Bruce Waltke (PhD, Dallas Theological Seminary; PhD, Harvard Divinity School), acknowledged to be one of the outstanding contemporary Old Testament scholars, is professor of Old Testament at Reformed Theological Seminary in Orlando, Florida, and professor emeritus of biblical studies at Regent College in Vancouver. He has authored and coauthored numerous books, commentaries, and articles, and contributed to dictionaries and encyclopedias.

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Flights of the Soul: Visions, Heavenly Journeys, and Peak Experiences in the Biblical World

  • Author: John J. Pilch
  • Publisher: Eerdmans
  • Publication Date: 2011
  • Pages: 252

Reports of prophetic dreams, of journeys into the heavens, and of other alternate states of consciousness abound in the Old and New Testaments and in extra-biblical literature. And although some scholars consider such reports to be simple literary devices, John J. Pilch—a leading expert in social scientific interpretation of the Bible—argues that ancient accounts of alternate consciousness are both plausible and significant, constituting a very commonplace, very real, and very human experience in their cultures of origin.

Integrating biblical exegesis with insights from anthropology, cognitive neuroscience, psychology, and the social sciences, Pilch investigates and interprets such phenomena as Ezekiel’s prophetic visions, Enoch’s sky journeys, Jesus’ transfiguration and ascension, Paul’s ecstatic vision on the road to Damascus, John’s heavenly journeys described in Revelation, and more. His innovative study presents a fresh and intriguing perspective on these fascinating, sometimes puzzling biblical accounts.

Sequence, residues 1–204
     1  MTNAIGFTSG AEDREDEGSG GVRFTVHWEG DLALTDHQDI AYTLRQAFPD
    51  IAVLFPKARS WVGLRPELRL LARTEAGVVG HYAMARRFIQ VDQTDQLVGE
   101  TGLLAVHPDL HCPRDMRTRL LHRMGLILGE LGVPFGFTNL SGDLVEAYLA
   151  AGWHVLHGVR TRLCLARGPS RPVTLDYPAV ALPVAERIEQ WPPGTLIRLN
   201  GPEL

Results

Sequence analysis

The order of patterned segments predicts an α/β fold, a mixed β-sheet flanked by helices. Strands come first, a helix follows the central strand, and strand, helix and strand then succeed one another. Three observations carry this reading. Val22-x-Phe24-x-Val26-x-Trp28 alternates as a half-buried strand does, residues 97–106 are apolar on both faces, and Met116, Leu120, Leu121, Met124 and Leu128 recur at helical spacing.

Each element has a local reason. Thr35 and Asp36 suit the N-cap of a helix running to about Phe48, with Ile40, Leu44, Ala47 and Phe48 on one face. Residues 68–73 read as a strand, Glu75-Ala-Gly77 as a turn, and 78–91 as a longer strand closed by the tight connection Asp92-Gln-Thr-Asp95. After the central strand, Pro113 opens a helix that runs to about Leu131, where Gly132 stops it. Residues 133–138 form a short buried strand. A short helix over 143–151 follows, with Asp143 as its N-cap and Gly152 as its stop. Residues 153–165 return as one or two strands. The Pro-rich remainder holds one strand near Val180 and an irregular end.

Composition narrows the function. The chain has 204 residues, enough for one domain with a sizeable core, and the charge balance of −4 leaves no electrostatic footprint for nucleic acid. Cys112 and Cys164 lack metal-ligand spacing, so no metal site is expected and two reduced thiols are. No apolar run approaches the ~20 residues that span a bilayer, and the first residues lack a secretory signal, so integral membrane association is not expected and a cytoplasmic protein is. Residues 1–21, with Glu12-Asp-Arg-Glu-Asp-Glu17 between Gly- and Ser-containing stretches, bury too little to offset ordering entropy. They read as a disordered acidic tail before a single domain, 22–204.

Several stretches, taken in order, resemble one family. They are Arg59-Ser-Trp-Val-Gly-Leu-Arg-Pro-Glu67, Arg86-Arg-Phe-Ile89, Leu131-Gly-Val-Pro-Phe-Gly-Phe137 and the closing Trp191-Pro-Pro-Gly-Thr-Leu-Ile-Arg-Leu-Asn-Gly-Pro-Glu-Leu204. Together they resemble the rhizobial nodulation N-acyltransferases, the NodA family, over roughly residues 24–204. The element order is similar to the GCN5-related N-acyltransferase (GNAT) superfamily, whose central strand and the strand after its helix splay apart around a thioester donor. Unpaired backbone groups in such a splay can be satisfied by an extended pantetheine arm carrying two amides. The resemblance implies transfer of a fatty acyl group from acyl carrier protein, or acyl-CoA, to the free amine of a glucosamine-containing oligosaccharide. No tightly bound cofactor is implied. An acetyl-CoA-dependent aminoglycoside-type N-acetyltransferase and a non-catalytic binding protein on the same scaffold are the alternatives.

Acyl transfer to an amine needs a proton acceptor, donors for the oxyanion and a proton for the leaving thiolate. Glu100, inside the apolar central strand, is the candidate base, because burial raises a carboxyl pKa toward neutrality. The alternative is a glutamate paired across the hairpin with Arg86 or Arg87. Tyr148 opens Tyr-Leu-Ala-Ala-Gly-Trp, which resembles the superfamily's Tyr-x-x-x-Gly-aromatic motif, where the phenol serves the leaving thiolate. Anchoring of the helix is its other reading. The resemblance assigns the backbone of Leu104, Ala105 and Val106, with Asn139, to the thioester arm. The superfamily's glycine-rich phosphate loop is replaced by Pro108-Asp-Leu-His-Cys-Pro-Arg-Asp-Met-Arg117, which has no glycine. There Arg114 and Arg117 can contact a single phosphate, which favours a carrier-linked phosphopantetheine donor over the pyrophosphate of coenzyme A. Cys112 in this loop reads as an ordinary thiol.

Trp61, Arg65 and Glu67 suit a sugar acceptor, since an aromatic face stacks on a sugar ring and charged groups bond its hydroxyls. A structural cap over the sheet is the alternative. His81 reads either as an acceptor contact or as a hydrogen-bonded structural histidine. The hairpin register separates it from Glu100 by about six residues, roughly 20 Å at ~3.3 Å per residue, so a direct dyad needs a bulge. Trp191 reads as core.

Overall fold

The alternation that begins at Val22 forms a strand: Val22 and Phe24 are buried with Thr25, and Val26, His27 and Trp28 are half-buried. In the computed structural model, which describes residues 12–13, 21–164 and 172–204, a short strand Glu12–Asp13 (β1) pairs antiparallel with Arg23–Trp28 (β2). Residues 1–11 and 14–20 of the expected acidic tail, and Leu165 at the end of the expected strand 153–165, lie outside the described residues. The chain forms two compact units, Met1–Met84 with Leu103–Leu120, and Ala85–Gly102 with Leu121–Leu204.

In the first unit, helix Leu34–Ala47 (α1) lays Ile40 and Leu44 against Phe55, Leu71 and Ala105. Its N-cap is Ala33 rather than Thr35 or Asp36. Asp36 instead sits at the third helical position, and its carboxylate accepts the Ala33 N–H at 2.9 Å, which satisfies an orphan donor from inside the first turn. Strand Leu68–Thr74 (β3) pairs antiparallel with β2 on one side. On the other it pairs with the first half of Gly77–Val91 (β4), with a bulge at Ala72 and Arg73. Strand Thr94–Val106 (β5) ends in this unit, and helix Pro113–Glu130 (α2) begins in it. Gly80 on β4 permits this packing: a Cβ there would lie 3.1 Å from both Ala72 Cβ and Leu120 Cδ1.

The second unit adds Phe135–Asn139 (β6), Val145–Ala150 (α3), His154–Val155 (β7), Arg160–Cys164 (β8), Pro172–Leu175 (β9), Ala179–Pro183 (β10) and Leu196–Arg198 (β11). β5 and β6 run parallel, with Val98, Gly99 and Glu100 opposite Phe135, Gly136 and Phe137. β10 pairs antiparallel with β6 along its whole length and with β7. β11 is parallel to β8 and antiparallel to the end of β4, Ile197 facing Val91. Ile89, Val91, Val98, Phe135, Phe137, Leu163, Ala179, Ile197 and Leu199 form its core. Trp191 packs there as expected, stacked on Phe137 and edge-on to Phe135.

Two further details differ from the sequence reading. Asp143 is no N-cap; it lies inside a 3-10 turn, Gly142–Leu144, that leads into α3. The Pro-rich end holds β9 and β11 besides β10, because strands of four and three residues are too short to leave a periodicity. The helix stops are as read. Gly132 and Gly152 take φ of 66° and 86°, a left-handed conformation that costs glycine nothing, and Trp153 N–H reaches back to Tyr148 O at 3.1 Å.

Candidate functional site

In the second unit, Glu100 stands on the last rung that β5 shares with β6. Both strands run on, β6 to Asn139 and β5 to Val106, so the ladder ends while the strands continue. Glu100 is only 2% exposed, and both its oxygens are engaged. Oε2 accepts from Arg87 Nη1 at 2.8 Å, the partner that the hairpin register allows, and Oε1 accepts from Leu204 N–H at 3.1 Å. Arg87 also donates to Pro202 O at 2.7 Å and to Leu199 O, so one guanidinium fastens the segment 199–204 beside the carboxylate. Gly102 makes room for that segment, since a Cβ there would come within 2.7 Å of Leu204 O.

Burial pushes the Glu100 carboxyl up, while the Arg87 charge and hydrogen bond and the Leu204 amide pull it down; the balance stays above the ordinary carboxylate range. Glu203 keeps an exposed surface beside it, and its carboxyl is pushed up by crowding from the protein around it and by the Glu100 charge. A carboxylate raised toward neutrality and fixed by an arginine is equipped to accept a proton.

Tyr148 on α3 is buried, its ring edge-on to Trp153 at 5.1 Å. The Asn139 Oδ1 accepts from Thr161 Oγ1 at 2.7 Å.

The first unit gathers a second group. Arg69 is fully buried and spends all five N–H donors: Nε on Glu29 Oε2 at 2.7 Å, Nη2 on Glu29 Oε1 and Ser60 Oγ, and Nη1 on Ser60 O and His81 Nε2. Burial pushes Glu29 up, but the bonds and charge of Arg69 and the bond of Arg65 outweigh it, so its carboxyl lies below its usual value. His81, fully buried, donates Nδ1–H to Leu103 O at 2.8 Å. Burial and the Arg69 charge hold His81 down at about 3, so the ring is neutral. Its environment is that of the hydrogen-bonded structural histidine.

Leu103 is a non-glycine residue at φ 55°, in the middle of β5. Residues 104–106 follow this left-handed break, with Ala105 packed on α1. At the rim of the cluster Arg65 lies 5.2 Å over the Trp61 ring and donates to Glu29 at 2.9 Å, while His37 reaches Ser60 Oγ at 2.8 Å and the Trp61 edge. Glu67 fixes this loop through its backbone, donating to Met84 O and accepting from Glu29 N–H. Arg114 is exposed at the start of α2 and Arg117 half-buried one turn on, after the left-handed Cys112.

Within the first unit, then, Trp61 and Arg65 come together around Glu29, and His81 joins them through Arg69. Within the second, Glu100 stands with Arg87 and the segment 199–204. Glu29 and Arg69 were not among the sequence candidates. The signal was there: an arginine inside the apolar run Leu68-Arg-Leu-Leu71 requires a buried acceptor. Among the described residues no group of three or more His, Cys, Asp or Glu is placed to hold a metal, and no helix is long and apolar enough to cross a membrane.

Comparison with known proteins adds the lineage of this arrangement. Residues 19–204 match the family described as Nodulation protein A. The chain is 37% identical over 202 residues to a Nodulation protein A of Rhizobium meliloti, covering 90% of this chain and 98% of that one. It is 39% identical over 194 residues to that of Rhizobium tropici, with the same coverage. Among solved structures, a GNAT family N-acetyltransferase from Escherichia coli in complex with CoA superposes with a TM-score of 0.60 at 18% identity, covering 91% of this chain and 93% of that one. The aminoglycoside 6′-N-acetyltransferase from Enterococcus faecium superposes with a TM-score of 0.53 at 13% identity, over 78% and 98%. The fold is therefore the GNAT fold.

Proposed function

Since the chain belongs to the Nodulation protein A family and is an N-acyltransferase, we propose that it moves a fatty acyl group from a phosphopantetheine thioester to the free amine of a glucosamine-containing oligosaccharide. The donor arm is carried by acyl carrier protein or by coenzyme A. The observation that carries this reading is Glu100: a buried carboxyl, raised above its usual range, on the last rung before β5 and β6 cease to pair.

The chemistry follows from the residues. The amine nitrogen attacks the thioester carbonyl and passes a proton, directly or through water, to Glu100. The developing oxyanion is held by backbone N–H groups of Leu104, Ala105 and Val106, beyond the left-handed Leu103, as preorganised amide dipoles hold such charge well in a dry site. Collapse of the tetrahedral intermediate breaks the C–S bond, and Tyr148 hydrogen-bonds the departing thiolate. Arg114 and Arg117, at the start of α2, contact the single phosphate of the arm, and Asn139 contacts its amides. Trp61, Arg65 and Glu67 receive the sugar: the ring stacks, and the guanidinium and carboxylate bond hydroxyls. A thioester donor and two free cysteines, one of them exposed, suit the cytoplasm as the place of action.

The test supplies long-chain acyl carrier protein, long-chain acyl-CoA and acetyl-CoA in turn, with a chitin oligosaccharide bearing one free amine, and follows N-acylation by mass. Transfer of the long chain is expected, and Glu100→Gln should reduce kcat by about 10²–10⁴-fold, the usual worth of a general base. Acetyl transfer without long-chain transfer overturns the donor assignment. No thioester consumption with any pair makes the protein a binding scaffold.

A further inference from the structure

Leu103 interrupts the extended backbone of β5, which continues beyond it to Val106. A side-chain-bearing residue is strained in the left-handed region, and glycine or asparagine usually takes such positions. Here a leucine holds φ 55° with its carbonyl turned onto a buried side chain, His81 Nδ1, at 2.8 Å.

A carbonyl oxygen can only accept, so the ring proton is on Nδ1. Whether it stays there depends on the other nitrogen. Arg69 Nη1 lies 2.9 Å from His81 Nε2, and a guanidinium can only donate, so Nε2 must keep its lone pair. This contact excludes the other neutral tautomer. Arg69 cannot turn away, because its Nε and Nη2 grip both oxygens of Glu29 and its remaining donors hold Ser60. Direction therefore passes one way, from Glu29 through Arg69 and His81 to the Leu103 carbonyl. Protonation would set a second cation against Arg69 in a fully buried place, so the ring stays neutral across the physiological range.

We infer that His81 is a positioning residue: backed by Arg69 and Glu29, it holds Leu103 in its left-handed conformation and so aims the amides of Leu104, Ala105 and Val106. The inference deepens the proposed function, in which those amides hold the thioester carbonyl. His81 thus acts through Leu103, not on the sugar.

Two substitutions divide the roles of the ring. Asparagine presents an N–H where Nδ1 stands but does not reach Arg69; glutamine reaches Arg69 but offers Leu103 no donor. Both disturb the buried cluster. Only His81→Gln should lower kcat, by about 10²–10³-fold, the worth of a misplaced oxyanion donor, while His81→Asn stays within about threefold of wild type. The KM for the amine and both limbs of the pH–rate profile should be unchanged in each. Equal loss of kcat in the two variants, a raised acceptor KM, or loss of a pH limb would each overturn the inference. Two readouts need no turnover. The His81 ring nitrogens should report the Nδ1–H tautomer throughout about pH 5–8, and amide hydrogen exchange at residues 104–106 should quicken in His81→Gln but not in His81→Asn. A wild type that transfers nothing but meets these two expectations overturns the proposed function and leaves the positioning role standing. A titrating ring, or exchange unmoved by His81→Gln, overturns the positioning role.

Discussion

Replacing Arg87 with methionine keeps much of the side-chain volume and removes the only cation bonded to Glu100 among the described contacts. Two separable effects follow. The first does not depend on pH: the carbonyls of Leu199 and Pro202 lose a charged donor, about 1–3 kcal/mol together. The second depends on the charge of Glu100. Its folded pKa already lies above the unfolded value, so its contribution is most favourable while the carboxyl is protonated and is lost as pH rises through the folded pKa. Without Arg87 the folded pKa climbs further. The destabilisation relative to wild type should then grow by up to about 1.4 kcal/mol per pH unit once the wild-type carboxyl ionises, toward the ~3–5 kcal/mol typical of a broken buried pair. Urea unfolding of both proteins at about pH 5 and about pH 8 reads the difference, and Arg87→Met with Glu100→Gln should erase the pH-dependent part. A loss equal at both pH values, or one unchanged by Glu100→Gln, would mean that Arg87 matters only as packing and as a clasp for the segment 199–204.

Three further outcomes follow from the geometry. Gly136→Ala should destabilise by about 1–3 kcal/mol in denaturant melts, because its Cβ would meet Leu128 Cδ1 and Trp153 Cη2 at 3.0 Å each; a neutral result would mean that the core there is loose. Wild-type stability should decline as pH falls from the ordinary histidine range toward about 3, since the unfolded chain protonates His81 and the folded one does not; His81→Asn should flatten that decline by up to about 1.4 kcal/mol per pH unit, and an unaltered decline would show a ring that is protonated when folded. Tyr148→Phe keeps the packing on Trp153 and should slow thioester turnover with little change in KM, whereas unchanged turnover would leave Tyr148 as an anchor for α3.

John J. Pilch was visiting professor of biblical literature at Georgetown University for eighteen years. He is currently visiting professor at the Studium Biblicum Franciscanum in Hong Kong and director of research for Cuyamungue: The Felicitas D. Goodman Anthropological Institute in Santa Fe, New Mexico. His books include The Cultural Dictionary of the Bible and Visions and Healing in the Acts of the Apostles: How the Early Believers Experienced God.

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Framing Paul: An Epistolary Biography

  • Author: Douglas A. Campbell
  • Publisher: Eerdmans
  • Publication Date: 2014
  • Pages: 490

All historical work on Paul presupposes a story concerning the composition of his letters—which ones he actually wrote, how many pieces they might originally have consisted of, when he wrote them, where from, and why. But the answers given to these questions are often derived in dubious ways.